But enough about style and personality. After all, that's what leads Bush supporters to say they like him because he's a "strong leader," which pisses me off. First off, that's not a virtue in and of itself. Jack from Lord of the Flies was a "strong leader" much in the George Bush mold. It wasn't a good thing. Secondly, I've found that those whose presidential preference is based around vague notions of "leadership" tend not to be thinking about the actual duties of the president in the American system of government. They think, as George Lakoff has astutely diagnosed, in metaphor. A couple of weeks ago I was listening to NPR and heard a guy at a Bush rally say he's voting for Bush because "he won't just give the terrorists a time-out — he'll smack 'em in the mouth." This is hardly an isolated incident: I can hardly count the number of voters I've heard opining about foreign policy by scaling up their stances on corporal punishment. The problem is, global geopolitics is not parenting! The world is not a suburban house and you're not voting for Dad. Nor is it a schoolyard, or an office, or any of the other parallels that people use to justify their votes. I heard a woman in 2000 say in all seriousness she was voting for Bush because "his mom's a tough old lady and if he gets out of line she'll set him straight." As if that's how life works. The president's about to sign a tax bill that'll cripple the economy for generations to come and then Granny comes in a side door and hits him with an umbrella and there's a laugh track or something.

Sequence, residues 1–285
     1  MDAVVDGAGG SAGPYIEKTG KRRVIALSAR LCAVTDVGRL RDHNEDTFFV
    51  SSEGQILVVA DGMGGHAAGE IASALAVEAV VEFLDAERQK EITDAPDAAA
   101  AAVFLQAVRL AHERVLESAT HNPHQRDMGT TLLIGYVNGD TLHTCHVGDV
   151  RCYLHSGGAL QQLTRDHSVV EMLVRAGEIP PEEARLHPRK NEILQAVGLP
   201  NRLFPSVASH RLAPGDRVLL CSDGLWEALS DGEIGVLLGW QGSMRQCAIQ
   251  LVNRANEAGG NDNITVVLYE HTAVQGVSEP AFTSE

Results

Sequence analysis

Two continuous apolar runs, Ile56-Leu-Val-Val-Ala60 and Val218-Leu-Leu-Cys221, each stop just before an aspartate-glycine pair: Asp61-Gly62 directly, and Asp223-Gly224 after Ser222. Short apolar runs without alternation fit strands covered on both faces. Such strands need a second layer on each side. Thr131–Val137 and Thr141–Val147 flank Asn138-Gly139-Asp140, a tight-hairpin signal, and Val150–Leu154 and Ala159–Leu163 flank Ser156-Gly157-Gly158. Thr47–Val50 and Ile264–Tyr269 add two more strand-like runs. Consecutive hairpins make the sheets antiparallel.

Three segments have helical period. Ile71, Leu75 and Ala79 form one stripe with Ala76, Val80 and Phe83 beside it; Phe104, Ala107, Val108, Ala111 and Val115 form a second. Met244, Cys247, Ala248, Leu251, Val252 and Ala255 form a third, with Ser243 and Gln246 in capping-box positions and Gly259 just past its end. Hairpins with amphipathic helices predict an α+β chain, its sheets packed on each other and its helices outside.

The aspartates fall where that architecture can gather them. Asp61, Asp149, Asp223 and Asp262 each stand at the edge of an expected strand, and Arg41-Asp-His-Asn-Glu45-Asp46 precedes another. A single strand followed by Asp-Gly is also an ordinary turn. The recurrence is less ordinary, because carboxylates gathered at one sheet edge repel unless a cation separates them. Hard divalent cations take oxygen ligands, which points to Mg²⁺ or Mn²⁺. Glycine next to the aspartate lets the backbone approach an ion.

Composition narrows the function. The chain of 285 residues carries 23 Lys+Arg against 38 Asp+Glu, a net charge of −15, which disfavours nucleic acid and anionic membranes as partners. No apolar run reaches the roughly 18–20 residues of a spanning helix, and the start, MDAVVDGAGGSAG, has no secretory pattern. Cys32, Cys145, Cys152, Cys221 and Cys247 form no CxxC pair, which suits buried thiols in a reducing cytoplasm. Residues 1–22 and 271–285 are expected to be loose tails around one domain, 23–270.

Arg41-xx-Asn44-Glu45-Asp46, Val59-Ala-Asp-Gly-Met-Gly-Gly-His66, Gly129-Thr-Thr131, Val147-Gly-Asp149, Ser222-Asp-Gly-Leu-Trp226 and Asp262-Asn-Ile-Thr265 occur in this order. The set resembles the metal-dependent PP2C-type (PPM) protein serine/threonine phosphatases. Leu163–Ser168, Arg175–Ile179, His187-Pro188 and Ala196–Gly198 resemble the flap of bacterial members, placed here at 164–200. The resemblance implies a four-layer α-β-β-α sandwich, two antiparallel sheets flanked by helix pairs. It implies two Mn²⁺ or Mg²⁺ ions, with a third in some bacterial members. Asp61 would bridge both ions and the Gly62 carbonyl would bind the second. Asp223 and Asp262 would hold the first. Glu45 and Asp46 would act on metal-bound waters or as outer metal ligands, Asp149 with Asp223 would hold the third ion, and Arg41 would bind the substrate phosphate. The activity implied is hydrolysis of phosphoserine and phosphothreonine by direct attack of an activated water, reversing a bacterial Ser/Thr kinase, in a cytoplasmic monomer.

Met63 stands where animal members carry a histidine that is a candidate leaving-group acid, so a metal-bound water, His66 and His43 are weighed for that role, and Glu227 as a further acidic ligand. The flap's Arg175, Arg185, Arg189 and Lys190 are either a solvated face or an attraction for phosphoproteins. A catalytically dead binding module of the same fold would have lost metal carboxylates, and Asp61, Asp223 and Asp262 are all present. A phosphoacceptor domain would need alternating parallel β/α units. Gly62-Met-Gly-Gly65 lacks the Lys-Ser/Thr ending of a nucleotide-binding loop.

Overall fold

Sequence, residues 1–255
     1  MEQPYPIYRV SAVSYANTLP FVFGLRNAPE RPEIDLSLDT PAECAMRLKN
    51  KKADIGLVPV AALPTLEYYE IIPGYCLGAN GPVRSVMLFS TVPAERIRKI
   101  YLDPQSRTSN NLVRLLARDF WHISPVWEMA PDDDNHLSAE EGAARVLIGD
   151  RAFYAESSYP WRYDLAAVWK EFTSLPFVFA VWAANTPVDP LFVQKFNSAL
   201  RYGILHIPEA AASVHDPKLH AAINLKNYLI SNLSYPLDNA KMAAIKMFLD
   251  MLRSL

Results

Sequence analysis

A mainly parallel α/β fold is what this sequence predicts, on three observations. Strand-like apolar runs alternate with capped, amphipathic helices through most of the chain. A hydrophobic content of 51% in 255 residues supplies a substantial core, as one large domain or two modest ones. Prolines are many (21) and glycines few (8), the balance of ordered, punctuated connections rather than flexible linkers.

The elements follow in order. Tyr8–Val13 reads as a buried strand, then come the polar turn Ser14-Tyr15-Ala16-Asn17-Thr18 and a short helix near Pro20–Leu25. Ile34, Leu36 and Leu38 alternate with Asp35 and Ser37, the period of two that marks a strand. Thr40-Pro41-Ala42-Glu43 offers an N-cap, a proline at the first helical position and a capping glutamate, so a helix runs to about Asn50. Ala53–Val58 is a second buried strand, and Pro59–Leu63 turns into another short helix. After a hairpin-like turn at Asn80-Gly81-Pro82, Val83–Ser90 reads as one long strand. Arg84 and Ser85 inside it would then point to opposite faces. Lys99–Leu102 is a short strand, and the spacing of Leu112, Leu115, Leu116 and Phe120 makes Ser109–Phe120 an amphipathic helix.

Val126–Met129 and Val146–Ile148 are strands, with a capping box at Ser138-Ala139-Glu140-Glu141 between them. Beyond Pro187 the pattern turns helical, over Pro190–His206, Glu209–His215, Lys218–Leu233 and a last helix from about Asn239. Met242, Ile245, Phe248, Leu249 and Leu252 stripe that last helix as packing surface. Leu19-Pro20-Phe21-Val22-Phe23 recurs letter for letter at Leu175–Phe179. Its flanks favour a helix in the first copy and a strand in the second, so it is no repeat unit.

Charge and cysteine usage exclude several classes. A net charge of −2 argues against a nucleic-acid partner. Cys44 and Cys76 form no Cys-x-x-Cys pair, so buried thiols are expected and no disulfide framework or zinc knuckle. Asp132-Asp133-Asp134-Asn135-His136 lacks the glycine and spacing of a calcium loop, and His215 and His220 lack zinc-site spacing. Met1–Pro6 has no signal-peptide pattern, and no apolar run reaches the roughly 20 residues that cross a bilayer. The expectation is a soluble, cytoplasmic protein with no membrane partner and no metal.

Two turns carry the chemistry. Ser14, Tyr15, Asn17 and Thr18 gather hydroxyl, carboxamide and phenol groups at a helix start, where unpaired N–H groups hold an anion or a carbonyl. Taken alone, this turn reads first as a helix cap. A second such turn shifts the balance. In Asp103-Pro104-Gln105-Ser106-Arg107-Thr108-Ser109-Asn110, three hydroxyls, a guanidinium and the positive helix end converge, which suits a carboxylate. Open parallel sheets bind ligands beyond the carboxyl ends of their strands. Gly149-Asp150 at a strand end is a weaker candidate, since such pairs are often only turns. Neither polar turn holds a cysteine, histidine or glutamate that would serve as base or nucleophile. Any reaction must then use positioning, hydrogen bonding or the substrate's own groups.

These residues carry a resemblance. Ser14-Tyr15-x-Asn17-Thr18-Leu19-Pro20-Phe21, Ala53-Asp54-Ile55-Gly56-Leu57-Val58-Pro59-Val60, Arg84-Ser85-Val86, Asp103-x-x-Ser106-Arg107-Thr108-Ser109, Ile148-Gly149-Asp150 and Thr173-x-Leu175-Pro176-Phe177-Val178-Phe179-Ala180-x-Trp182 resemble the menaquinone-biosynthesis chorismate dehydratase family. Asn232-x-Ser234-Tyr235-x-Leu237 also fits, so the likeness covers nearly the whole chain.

So here are some very specific reasons I want John Kerry to be president:

I want to be able to look forward to the news that a Supreme Court justice is retiring, instead of dreading it. I want the next few appointments to make the Supreme Court look more like the 9th Circuit Court of Appeals. Four more years of Bush and it'll look more like a dinner party at Robert Bork's house, no matter how much Clarence Thomas likes porn.

When I hear that the president has issued an executive order concerning the environment, I want the next line of the story to be that caps on pollution have become stricter, not more lenient; that there are now fewer things you can dump into rivers, not more; that a patch of wilderness has just been protected, not opened up to developers.

I want Bush's tax shift overturned — or at least not made permanent, and while a Republican Congress might not reverse the damage Bush has done, there aren't enough votes to override a veto of any bill revoking the sunset clauses. This one is big, so I will go into it in a bit more depth.

The usual argument against taxes — Bush certainly makes it enough — is "it's my money!" But money isn't a thing. It's an idea. Go grab a dollar. You can't wear it, you can't eat it (I know someone who ate a dollar — it made her ill), you can't get much aesthetic value out of it... it is utterly useless unless you can find someone who's willing to give you something you want for it. Which on the face of it would seem like a rather dubious proposition — why would anyone give you something useful in return for something useless?